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Polly

Brown eyes,
Straight nose;
Dirt pies,
Rumpled clothes;

Torn books,
Spoilt toys;
Arch looks,
Unlike a boy's;

Little rages,
Obvious arts;
(Three her age is,)
Cakes, tarts;

Falling down
Off chairs;
Breaking crown
Down stairs;

[...] Read more

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Great, Wide, Beautiful, Wonderful World

Great, wide, beautiful, wonderful World,
With the wonderful water round you curled,
And the wonderful grass upon your breast--
World, you are beautifully drest.

The wonderful air is over me,
And the wonderful wind is shaking the tree,
It walks on the water, and whirls the mills,
And talks to itself on the tops of the hills.

You friendly Earth! how far do you go,
With the wheat-fields that nod and the rivers that flow,
With cities and gardens, and cliffs, and isles,
And people upon you for thousands of miles?

Ah, you are so great, and I am so small,
I tremble to think of you, World, at all;
And yet, when I said my prayers to-day,
A whisper inside me seemed to say,
"You are more than the Earth, though you are such a dot:

[...] Read more

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Topsy-Turvy World

IF the butterfly courted the bee,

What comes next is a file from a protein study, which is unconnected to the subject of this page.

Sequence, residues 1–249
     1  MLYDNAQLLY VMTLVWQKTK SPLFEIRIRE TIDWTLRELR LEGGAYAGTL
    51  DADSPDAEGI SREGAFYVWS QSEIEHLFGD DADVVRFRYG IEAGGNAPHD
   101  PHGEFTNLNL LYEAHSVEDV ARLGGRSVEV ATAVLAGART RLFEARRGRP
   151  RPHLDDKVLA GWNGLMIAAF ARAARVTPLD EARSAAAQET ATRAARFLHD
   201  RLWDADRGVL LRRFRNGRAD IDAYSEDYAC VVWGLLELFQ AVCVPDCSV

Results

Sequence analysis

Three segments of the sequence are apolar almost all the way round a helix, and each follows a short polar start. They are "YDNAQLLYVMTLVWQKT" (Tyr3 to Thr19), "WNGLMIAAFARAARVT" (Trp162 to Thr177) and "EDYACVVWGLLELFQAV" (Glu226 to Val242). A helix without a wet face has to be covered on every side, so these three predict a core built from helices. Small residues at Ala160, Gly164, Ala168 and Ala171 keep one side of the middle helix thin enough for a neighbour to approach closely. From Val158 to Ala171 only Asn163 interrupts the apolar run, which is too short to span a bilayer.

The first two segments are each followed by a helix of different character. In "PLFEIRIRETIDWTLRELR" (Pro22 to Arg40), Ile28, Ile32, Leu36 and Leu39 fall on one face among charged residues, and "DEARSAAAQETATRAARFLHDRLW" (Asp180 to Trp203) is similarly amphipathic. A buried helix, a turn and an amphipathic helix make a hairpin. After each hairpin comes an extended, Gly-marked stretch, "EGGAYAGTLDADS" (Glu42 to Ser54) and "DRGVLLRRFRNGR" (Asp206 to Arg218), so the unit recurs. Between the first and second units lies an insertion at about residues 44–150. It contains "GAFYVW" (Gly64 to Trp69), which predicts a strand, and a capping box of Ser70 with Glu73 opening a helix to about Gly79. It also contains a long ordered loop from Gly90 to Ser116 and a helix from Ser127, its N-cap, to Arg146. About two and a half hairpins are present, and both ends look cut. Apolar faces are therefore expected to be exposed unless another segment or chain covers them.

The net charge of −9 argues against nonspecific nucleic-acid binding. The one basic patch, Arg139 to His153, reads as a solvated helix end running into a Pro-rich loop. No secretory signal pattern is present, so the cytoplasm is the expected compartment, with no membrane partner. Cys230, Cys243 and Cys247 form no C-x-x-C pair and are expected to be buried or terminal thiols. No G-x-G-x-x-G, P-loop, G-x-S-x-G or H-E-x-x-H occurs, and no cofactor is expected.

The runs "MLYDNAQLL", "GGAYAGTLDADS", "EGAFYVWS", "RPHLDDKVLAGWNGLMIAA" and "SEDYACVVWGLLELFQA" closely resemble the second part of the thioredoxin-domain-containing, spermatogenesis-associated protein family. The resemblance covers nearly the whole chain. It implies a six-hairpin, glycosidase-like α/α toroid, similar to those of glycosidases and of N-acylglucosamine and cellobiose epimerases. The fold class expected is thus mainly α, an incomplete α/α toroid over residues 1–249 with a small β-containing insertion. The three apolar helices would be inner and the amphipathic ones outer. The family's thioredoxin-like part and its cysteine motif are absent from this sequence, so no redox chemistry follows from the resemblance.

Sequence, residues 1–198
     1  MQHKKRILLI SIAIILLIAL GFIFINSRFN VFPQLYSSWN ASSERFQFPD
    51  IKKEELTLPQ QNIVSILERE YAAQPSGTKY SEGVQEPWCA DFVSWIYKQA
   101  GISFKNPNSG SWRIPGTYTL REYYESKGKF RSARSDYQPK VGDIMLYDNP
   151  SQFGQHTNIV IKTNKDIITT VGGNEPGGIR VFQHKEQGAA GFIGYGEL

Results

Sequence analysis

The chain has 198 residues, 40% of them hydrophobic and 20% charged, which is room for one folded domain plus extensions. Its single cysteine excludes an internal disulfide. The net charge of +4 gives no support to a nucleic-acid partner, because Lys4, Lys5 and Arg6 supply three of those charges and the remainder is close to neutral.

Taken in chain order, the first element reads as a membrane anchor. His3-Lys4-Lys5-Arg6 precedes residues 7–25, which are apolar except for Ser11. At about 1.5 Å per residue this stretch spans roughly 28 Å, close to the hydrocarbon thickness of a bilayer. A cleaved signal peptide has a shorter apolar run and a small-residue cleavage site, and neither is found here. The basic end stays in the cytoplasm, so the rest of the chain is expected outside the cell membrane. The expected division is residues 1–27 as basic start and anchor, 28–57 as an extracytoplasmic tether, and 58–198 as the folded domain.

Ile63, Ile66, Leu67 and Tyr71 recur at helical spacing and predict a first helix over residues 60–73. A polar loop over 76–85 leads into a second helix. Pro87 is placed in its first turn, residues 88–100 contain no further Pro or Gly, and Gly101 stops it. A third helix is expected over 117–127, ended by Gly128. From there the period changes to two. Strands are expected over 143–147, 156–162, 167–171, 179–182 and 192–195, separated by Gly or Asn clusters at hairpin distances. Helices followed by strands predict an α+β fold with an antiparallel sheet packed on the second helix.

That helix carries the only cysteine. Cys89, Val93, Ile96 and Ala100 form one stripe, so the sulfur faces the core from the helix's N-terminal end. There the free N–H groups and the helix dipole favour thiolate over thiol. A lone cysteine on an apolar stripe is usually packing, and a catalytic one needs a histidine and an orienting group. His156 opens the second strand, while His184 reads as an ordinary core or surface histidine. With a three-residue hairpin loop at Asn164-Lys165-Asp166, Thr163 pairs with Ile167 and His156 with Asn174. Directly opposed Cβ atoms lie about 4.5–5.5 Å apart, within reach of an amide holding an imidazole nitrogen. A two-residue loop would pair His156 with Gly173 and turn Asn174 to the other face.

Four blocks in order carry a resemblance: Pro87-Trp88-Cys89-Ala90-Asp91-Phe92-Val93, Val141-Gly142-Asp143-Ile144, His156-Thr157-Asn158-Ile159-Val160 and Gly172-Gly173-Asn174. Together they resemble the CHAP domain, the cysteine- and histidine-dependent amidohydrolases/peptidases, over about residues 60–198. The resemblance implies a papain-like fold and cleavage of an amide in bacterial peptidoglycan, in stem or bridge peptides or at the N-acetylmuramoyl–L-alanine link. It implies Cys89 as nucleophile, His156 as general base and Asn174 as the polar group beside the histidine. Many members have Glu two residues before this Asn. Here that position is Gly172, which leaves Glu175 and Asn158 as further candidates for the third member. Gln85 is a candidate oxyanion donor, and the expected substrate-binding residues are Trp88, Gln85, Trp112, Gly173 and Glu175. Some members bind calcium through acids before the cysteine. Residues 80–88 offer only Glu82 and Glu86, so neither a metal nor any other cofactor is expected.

And the owl the porcupine;
If churches were built in the sea,
And three times one was nine;
If the pony rode his master,
If the buttercups ate the cows,
If the cats had the dire disaster
To be worried, sir, by the mouse;
If mamma, sir, sold the baby
To a gypsy for half a crown;
If a gentleman, sir, was a lady,—
The world would be Upside-down!
If any or all of these wonders
Should ever come about,
I should not consider them blunders,
For I should be Inside-out!

Chorus

Ba-ba, black wool,

[...] Read more

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Little Ditties I

Winifred Waters sat and sighed
Under a weeping willow;
When she went to bed she cried,
Wetting all the pillow;

Kept on crying night and day,
Till her friends lost patience;
"What shall we do to stop her, pray?"
So said her relations.

Send her to the sandy plains,
In the zone called torrid:
Send her where it never rains,
Where the heat is horrid.

Mind that she has only flour
For her daily feeding;
Let her have a page an hour
Of the driest reading,--

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Godfrey Gordon Gustavus Gore

Godfrey Gordon Gustavus Gore —
No doubt you have heard the name before —
Was a boy who never would shut a door!

The wind might whistle, the wind might roar,
And teeth be aching and throats be sore,
But still he never would shut the door.

His father would beg, his mother implore,
'Godfrey Gordon Gustavus Gore,
We really do wish you would shut the door!'

Their hands they wrung, their hair they tore;
But Godfrey Gordon Gustavus Gore
Was deaf as the buoy out at the Nore.

When he walked forth the folks would roar,
'Godfrey Gordon Gustavus Gore,
Why don't you think to shut the door?'

[...] Read more